The saying goes that “the road to hell is paved with adverbs,” but at Beyond the Margins Robin Black makes the opposite argument. “I want you to love adverbs,” she begins, but “more than that, I want you to believe, as I do, that adverbs are the part of speech that best captures the human condition.”
A few weeks ago, I pointed you to this piece on the surprising racism of children’s books. The essay was a response to controversy surrounding the rescinded publication of Ramin Ganeshram’s A Birthday Cake for George Washington, which upset readers with its confusing, cheerful illustrations and alleged misrepresentation of the nature of slavery. Over at The Guardian Ganeshram defends herself and addresses the problem of cover design versus author intent.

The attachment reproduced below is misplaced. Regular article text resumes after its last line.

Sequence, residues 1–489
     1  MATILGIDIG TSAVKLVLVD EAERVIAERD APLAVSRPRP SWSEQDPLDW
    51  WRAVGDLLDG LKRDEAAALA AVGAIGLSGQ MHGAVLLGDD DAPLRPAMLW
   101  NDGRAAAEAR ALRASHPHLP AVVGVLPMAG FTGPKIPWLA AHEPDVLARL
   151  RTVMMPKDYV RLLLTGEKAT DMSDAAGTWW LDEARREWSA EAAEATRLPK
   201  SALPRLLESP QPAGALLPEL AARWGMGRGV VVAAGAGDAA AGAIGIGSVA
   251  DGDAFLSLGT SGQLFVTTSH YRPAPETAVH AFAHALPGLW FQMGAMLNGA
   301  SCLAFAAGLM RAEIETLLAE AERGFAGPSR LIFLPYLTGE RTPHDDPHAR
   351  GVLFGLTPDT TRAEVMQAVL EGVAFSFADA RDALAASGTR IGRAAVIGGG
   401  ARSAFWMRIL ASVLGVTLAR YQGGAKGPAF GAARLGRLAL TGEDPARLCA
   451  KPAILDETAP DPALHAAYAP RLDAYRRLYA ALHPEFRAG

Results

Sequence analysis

Need some inspiration? These quotes from Joan Didion are sure to make your day. Picked by noted Ayn Rand scholar Mallory Ortberg, they include such gems as “I’m from Sacramento, but it’s honestly not a big deal” and “California doesn’t remind me of the apocalypse at all.”
How The Daily Show may have an advantage over mainstream news, by virtue of its refusual to take “View from Nowhere.” Conor Friedersdorf makes the compelling case that comedy writers, with their eyes rooting out the absurd in the world, can put give the news some much needed perspective.